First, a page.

The horse fork was an indispensable part of the stackyard at hay-making time.
It was a means to lift hay in hay from a ruck or rick onto a stack that was being built. It was, according to Stephens’ Book of the Farm in 1908, “a simple and convenient arrangement for hoisting the hay”. It was a pole “about 35 feet high, which is held in upright position by three or four guy-ropes rom the top of the pole to iron pins driven into the ground. A short “jib” or “gaff”, 10 feet long or so, is arranged to slide up and down the pole, being worked by pulleys from the ground. The fork is attached to an inch hemp rope or 1/2 inch steel strand rope, which passes over a pulley at the point of the jib or gaff, thence down the upper surface of the gaff to its lower end, where it passes over another pulley, from which it runs down the side of the pole to about 3 feet from the ground, where it passes through the pole and under a pulley fixed in it, where it is attached to the tree or chains by which a horse draws up the forkful.
The pole is set with a slight lean to the stack which is being built, so that as soon as the ascending load has been raised above the portion already built, the gaff or jib with its load always swings round over the top of the stack, where it can be dropped on almost any part of even a large stack.”
The horse fork had a number of advantages. Stacks built with one were more easily kept perpendicular than those built from hand-forking. They allowed hay to be more evenly distributed onto the top of the stack as it was being built. They allowed a larger number of forkers to work at one time, and for them to more efficiently build a stack. And, of course, it was a great labour-saving device!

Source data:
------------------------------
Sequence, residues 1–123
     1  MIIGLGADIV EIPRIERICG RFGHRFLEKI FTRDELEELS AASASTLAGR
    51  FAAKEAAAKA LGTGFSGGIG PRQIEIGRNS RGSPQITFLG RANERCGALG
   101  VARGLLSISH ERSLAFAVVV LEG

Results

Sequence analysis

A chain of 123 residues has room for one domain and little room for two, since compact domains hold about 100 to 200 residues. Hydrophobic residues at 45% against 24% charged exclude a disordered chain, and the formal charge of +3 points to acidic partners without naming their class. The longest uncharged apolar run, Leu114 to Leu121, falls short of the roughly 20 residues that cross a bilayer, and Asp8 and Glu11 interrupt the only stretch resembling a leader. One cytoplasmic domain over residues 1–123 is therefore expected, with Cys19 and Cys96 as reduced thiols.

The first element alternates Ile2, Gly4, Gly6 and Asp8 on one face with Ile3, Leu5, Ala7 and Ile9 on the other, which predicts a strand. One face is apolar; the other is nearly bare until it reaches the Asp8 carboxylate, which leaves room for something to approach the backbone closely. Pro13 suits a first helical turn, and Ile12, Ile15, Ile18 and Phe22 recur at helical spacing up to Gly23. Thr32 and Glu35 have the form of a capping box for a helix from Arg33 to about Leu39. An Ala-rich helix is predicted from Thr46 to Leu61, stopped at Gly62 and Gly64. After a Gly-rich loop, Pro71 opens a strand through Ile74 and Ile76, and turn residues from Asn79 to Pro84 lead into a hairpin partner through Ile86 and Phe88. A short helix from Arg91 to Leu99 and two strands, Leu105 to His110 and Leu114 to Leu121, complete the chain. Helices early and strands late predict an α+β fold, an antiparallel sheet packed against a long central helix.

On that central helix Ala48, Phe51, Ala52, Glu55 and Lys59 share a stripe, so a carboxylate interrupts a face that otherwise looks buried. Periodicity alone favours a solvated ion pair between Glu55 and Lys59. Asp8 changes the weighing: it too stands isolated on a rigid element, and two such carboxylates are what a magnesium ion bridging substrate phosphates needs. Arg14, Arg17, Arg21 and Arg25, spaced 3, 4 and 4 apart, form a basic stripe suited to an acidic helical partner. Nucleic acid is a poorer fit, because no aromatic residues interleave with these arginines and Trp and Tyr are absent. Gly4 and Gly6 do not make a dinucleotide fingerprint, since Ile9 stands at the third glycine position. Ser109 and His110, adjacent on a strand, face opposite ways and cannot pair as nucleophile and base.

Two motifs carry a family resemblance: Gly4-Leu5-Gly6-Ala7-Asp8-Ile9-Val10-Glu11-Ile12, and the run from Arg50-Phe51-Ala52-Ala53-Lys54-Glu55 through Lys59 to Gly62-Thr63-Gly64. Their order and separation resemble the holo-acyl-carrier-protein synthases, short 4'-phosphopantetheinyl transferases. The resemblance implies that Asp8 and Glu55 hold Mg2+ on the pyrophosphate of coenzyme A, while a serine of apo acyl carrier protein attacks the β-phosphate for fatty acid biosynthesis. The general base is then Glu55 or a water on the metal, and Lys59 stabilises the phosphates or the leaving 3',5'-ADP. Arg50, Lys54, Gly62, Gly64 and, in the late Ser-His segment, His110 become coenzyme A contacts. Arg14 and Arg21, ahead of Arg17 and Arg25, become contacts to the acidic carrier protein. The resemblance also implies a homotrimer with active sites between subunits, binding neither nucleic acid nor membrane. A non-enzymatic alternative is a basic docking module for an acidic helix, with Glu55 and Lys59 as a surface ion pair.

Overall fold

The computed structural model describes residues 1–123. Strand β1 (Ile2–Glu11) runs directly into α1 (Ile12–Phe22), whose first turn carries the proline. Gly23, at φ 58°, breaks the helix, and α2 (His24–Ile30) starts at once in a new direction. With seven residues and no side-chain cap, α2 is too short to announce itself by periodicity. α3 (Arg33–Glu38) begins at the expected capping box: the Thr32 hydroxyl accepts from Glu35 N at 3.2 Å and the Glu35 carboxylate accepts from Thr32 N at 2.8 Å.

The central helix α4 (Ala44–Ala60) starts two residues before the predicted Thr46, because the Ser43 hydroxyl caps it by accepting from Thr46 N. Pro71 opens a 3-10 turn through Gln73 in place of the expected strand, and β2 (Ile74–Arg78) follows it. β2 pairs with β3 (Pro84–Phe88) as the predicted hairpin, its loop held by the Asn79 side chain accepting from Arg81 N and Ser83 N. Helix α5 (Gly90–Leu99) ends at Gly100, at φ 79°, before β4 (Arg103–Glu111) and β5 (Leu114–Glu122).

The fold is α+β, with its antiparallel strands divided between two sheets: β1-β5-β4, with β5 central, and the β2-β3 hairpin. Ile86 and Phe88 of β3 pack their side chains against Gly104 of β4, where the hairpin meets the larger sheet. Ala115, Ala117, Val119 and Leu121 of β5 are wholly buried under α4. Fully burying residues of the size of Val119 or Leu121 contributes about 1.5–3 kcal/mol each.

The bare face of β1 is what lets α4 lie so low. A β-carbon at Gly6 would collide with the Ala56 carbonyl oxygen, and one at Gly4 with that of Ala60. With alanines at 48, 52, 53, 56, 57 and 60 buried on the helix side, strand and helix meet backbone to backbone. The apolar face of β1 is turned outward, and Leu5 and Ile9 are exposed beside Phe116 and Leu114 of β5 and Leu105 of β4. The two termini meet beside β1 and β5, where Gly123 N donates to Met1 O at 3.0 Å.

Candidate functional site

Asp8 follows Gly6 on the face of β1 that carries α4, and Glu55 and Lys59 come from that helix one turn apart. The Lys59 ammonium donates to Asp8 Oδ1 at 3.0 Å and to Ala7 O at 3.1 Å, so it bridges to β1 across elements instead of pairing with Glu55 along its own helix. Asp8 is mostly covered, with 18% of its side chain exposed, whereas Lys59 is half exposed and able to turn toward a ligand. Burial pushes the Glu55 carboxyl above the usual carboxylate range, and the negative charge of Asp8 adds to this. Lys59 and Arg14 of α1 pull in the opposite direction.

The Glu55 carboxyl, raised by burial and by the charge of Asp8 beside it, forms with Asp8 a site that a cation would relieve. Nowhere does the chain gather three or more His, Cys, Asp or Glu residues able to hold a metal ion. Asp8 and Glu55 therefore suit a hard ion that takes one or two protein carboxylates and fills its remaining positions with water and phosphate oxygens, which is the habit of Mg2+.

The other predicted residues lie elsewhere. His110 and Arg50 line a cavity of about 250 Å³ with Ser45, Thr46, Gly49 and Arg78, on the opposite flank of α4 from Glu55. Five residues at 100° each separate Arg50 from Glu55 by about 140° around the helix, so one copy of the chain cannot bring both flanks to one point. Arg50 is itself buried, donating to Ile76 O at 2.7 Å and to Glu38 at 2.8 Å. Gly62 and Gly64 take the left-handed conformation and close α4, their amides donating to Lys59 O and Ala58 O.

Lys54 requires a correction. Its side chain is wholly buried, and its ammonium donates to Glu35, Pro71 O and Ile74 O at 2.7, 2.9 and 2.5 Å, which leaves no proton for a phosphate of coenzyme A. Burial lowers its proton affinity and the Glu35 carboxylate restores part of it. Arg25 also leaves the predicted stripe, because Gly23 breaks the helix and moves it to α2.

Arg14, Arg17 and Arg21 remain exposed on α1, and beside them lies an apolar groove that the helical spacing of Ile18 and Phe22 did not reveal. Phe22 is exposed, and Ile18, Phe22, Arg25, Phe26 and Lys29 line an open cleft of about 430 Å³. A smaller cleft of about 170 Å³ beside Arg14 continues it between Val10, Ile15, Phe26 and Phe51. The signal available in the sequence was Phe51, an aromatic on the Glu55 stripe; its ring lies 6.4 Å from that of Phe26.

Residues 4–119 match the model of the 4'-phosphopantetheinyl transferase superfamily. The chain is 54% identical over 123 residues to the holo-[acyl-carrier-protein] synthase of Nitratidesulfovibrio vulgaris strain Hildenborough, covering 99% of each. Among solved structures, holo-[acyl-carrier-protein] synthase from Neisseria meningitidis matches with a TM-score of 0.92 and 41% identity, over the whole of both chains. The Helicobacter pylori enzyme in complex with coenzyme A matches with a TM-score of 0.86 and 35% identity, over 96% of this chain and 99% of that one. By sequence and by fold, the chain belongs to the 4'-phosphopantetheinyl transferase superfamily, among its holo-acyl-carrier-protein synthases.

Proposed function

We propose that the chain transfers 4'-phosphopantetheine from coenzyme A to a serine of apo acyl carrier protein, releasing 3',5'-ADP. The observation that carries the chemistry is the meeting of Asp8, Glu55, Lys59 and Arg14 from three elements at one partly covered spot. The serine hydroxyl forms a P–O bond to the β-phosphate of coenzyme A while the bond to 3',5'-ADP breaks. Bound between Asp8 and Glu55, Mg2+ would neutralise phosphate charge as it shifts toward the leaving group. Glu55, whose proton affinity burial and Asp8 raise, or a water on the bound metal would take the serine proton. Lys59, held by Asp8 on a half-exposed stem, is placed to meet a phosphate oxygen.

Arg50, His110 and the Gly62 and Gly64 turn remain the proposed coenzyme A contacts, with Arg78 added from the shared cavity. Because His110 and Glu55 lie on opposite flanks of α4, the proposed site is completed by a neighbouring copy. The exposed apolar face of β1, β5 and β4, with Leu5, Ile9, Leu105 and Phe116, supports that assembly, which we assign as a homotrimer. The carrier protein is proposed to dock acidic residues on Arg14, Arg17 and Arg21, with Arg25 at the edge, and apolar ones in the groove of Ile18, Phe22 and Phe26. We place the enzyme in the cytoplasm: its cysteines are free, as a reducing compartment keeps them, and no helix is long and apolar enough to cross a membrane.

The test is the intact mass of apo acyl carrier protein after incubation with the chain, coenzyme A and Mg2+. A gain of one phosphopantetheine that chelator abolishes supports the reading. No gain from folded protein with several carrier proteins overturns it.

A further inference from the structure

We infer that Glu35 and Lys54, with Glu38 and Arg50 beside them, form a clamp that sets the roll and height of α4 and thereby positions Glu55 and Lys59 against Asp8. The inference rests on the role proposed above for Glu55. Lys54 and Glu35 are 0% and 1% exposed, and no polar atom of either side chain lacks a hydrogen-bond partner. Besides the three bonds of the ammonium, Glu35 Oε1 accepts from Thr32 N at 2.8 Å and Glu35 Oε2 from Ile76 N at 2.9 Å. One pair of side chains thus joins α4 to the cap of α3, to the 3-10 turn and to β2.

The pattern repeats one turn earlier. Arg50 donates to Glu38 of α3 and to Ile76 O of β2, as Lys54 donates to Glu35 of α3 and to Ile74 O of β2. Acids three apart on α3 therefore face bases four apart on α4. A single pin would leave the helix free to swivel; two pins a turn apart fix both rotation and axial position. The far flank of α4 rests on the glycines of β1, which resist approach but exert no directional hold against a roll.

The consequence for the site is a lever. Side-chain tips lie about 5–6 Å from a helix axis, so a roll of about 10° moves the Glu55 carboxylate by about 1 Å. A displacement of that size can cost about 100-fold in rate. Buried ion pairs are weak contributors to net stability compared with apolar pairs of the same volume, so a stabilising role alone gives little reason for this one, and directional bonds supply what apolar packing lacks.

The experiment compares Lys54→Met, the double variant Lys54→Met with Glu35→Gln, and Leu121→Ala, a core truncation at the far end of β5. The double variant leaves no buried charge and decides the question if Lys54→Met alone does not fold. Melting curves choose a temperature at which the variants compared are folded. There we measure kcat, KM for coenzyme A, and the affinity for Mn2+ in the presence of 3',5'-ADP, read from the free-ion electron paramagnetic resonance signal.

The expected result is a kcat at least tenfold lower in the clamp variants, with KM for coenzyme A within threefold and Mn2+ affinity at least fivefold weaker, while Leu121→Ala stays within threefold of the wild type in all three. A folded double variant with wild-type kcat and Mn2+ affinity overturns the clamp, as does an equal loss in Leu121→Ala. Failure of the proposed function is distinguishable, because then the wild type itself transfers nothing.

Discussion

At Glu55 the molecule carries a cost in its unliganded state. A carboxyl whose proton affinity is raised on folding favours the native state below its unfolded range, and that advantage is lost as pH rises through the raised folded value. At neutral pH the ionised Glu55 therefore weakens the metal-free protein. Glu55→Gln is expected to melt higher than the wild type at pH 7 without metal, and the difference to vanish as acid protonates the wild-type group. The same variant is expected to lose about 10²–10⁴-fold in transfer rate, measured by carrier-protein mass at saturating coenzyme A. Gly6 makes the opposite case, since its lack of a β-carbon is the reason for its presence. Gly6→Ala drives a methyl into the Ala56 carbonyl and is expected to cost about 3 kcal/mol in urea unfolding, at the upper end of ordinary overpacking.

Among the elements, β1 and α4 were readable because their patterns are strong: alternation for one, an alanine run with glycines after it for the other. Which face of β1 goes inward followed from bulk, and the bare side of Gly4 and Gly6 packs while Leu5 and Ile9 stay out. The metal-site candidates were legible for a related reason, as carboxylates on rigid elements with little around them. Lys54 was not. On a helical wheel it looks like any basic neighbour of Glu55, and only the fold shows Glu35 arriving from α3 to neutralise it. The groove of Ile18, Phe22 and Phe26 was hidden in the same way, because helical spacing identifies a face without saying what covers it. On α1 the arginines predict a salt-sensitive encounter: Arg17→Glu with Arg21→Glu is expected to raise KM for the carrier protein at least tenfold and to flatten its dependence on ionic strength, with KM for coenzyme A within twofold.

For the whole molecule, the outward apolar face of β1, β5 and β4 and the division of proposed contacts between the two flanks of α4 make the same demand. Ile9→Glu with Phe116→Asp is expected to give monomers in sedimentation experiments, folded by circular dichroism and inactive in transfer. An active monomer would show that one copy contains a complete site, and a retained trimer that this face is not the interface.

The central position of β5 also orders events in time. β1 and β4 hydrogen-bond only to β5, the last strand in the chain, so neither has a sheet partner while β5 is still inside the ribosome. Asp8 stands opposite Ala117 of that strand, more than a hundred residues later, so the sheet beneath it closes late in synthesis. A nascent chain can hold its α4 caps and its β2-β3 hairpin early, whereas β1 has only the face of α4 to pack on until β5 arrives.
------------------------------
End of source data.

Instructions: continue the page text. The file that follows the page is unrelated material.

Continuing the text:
There were a number of makers of horse forks in Scotland. In 1904 Alex Sloan, Greenhill, Crosshouse, developed one that was manufactured by Wm. Wilson & Son, Plaan Saw Mill, Crosshouse. According to the Scottish Farmer, in that year “it has now been tried by some of the leading agriculturists, who bear testimony to its superiority.”
In 1910 other makers included P. & R. Fleming & Co., 16 Graham Square and 29 Argyle Street, Glasgow, had a “Flemiing” grapple horse fork and a “Fleming” spear horse fork. Both cost £2 10s. Thomas Turnbull, Pleasance Implement Works, Dumfries, sold a patent clip horse fork made by McGeorge, Dumfries. In the north of England, William Elder & Sons Ltd, also made one.
The horse fork was a useful implement to have on the farm, greatly easing the work of building stacks at hay time. It was also an implement that was made by a wide number of makers throughout Scotland.
The photographs from the Fife Vintage Agricultural Machinery Club rally, June 2014, show a horse fork in use.
© 2016 Heather Holmes